Thursday, 2 May 2013

Speaking ill of the dead

Over the past few weeks, right-wing newspapers have made it clear that anyone who so much as murmurs objections to St Margaret Thatcher's biography (kitten-lover, washed the feet of the poor every evening, sent every miner a postal order on their birthdays, always the last to leave St. Patrick's Day ceilidhs) is a damned traitor who should be hung in Trafalgar Square and is bloody rude too.

In my ongoing attempt to point out that political discourse in modern Britain is politer than in any previous period, here's an obituary:

The subject is King George IV, spendthrift, hypocrite and bigot. He was ridiculed in life and damned in death by all and sundry. I find it hard to imagine a mainstream newspaper being quite so pungent about any royal or politician these days… even Prince Andrew or Tony Blair.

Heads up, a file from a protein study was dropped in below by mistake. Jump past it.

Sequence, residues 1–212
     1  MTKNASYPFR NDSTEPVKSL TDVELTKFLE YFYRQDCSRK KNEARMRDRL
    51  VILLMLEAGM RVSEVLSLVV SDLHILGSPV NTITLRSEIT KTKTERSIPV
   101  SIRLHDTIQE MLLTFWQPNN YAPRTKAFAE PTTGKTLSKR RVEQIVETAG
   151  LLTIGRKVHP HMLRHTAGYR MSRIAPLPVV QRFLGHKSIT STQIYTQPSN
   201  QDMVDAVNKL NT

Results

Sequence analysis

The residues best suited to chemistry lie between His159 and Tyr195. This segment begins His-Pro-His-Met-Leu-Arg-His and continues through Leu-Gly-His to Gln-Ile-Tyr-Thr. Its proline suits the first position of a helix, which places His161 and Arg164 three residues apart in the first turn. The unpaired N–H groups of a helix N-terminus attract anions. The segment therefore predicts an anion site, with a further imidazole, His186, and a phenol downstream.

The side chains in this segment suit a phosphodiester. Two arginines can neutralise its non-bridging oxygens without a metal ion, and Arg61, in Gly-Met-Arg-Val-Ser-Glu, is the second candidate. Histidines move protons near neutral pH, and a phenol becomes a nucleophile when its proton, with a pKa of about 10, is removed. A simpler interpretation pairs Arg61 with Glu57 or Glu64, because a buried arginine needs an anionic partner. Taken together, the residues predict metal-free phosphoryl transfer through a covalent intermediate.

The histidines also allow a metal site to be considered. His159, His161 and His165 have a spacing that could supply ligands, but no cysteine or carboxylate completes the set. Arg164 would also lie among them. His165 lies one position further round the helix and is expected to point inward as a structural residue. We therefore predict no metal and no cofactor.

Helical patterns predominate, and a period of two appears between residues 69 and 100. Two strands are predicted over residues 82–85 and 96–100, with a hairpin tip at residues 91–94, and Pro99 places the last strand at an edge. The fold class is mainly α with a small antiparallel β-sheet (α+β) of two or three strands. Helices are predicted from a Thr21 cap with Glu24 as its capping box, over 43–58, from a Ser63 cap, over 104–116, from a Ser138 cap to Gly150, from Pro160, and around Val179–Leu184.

Despite building the magnificent Royal Pavilion in Brighton (which the racist English Defence League recently mistook for a Mosque.

the only way George is at all remembered is as a foppish moron in his years as Prince Regent, memorialised so gloriously by Hugh Laurie in Blackadder the Third


M-H said...

A mosque? Surely you jest? they didn't know about the Brighton Pavilion? Speechless

Oliver Mason said...

Apparently he was very popular in Ireland, though. On his visit in 1820 people in Dublin build a special Round Room (where I recently was at a conference). How unlike St Margaret.